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As the pioneer of consumer camcorders which use hard disks for recording, JVC had a head start with its Everios. When we looked at the GZ-MG505EK last year, it still led the pack for next-generation camcorders. But now that both Canon and Sony have joined the fray, with quite a few models offering high definition recording to disk as well (including JVC's own GZ-HD7), a standard definition camcorder like the GZ-MG575EK can't trade on the novelty of its recording medium alone. So is this Everio, like its predecessor, the must-have video device for those not ready for the move to HD, or is it now just an also-ran?
Although ostensibly the successor to the GZ-MG505EK, the MG575EK takes a rather different approach electronically. Where the older model sported a trio of reasonably sized 1/4.5in CCDs with 1.3Mpixels apiece, the new one uses a single much larger 1/2.5in sensor. The gross resolution is 5.4Mpixels, though. So maximum still image resolution remains a similar 2,592 x 1,944. This means the MG575EK could readily double as your digital camera, albeit a portly alternative. It's also worth noting that no pixel shifting is used with the MG575EK, as the CCD's native resolution matches still image size.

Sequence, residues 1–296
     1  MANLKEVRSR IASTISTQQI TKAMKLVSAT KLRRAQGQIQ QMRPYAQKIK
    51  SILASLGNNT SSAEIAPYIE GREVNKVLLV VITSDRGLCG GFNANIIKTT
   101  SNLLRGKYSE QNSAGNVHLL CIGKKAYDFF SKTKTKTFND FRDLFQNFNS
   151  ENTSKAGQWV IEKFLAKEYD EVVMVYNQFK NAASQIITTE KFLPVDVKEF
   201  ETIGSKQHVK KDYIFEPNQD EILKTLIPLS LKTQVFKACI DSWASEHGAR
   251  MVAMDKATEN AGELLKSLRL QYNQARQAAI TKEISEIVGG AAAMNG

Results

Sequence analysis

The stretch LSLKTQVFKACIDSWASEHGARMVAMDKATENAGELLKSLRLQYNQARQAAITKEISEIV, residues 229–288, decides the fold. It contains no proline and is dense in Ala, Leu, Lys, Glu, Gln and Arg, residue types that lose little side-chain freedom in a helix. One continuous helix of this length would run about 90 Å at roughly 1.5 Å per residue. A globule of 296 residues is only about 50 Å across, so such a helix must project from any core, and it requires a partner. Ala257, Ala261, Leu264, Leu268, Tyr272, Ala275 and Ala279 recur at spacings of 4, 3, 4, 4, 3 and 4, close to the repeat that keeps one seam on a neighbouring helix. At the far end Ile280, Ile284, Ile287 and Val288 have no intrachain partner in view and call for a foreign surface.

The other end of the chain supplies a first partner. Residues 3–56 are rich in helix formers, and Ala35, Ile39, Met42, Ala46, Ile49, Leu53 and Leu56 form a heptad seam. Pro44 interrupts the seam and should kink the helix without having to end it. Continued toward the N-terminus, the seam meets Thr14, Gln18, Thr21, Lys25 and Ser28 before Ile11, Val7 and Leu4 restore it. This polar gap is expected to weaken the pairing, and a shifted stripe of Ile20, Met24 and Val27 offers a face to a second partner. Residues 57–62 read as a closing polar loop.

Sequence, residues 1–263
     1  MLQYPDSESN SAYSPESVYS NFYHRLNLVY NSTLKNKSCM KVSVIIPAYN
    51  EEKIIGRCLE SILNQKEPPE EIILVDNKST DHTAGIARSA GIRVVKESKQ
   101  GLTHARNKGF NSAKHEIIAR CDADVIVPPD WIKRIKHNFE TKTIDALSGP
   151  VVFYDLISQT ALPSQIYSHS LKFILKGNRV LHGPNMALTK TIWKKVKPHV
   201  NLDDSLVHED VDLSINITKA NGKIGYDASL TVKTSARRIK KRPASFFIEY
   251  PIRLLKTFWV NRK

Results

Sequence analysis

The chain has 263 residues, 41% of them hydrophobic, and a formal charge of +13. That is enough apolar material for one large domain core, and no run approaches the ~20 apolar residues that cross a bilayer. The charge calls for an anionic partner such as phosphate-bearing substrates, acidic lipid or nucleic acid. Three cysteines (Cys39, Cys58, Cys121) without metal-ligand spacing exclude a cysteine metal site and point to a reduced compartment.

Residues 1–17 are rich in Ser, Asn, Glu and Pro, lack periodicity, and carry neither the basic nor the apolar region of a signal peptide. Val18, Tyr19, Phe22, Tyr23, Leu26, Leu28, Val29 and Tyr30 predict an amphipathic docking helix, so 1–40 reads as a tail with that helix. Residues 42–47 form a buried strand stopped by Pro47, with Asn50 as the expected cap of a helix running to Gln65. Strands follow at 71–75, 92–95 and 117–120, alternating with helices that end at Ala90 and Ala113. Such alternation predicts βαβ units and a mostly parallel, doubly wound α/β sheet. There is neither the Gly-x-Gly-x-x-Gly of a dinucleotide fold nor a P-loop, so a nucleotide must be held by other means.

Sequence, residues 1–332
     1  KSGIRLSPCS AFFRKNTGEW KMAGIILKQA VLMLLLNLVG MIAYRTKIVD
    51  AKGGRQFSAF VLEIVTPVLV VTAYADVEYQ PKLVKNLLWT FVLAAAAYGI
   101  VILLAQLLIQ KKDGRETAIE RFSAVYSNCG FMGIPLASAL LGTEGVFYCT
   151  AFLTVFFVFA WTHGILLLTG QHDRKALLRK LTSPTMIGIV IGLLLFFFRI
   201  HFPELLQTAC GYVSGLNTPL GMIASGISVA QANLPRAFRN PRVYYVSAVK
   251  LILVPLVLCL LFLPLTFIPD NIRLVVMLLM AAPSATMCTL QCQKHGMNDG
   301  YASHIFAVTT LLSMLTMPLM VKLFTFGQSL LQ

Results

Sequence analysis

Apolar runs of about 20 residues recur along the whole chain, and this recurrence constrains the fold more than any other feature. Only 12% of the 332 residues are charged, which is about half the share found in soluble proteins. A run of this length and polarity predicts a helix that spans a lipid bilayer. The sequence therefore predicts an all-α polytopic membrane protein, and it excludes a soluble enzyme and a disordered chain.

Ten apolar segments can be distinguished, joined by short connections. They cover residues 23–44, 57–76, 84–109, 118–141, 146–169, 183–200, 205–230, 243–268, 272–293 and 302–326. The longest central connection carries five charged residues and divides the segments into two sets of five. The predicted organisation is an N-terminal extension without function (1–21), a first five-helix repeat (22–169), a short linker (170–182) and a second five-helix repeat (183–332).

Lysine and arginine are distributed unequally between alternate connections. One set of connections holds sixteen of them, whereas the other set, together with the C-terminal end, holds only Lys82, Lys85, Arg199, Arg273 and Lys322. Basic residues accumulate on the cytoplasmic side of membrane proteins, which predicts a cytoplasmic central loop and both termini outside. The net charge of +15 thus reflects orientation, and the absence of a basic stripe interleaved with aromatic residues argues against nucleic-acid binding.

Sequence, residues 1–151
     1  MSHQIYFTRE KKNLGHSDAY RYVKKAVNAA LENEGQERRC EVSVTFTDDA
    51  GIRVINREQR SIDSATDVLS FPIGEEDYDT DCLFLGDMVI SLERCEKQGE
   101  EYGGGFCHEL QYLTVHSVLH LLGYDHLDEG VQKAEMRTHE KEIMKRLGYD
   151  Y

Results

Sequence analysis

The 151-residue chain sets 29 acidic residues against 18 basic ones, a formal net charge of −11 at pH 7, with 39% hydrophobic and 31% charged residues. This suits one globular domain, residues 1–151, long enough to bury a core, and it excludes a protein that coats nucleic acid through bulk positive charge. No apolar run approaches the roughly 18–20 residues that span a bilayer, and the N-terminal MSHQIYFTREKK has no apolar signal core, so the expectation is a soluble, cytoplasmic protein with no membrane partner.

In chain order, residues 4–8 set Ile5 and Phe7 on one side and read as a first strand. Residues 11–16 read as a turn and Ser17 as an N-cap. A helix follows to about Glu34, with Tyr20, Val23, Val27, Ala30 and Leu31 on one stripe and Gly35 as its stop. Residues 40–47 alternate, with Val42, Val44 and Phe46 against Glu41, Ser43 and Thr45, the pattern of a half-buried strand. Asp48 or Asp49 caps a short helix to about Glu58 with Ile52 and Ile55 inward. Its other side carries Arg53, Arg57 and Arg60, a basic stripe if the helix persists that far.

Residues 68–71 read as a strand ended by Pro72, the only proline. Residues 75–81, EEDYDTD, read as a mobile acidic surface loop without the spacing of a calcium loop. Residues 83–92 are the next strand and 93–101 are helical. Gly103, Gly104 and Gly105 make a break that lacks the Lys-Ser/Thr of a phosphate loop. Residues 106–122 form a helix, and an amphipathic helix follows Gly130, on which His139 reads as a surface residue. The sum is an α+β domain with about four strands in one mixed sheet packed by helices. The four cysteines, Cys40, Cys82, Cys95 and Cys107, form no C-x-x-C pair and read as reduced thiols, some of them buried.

The JVC includes a 40GB hard disk for video recording, which for standard resolution video is pretty capacious. Even at the top Ultra Fine setting, which uses an 8.5Mbits/sec data rate with MPEG-2 compression, you can record 570 minutes of video, rising to 50 hours in the quarter-resolution Economy mode. An SD slot is also provided, should you wish to extend your storage or record your still images on a removable medium.
Although nowhere near as svelte as Panasonic's HDC-SD5, the JVC is comfortable to use. It has an integrated lens cover, which operates manually via a slider on the side of the lens. There's no viewfinder, but using your hand to steady the camcorder via its LCD puts both hands in just the right place to operate most of the important controls.
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